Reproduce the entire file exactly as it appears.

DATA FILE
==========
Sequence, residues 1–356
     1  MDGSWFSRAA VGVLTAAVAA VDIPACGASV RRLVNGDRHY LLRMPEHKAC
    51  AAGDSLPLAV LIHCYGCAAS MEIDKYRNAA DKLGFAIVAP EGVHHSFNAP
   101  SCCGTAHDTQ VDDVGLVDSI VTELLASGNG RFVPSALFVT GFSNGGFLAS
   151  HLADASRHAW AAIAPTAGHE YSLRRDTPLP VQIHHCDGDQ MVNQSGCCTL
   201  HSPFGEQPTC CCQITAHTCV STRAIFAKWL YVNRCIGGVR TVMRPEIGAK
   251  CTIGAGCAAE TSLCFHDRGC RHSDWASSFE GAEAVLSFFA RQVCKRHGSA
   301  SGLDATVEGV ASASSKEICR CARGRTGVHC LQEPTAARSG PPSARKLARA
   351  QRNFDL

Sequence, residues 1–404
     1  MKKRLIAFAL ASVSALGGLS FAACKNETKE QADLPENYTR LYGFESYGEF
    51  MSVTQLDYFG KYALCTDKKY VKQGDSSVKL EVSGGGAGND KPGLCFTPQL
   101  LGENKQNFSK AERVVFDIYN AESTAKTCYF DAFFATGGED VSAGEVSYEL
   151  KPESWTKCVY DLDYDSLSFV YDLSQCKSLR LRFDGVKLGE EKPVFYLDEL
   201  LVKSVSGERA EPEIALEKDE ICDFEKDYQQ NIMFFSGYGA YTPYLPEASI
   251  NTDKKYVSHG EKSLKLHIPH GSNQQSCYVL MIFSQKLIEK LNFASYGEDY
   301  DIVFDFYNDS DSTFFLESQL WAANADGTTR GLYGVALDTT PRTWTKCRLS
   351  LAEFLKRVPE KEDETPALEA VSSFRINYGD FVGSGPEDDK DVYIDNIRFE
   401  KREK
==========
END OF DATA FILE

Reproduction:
Sequence, residues 1–356
     1  MDGSWFSRAA VGVLTAAVAA VDIPACGASV RRLVNGDRHY LLRMPEHKAC
    51  AAGDSLPLAV LIHCYGCAAS MEIDKYRNAA DKLGFAIVAP EGVHHSFNAP
   101  SCCGTAHDTQ VDDVGLVDSI VTELLASGNG RFVPSALFVT GFSNGGFLAS
   151  HLADASRHAW AAIAPTAGHE YSLRRDTPLP VQIHHCDGDQ MVNQSGCCTL
   201  HSPFGEQPTC CCQITAHTCV STRAIFAKWL YVNRCIGGVR TVMRPEIGAK
   251  CTIGAGCAAE TSLCFHDRGC RHSDWASSFE GAEAVLSFFA RQVCKRHGSA
   301  SGLDATVEGV ASASSKEICR CARGRTGVHC LQEPTAARSG PPSARKLARA
   351  QRNFDL

Sequence, residues 1–404
     1  MKKRLIAFAL ASVSALGGLS FAACKNETKE QADLPENYTR LYGFESYGEF
    51  MSVTQLDYFG KYALCTDKKY VKQGDSSVKL EVSGGGAGND KPGLCFTPQL
   101  LGENKQNFSK AERVVFDIYN AESTAKTCYF DAFFATGGED VSAGEVSYEL
   151  KPESWTKCVY DLDYDSLSFV YDLSQCKSLR LRFDGVKLGE EKPVFYLDEL
   201  LVKSVSGERA EPEIALEKDE ICDFEKDYQQ NIMFFSGYGA YTPYLPEASI
   251  NTDKKYVSHG EKSLKLHIPH GSNQQSCYVL MIFSQKLIEK LNFASYGEDY
   301  DIVFDFYNDS DSTFFLESQL WAANADGTTR GLYGVALDTT PRTWTKCRLS
   351  LAEFLKRVPE KEDETPALEA VSSFRINYGD FVGSGPEDDK DVYIDNIRFE
   401  KREK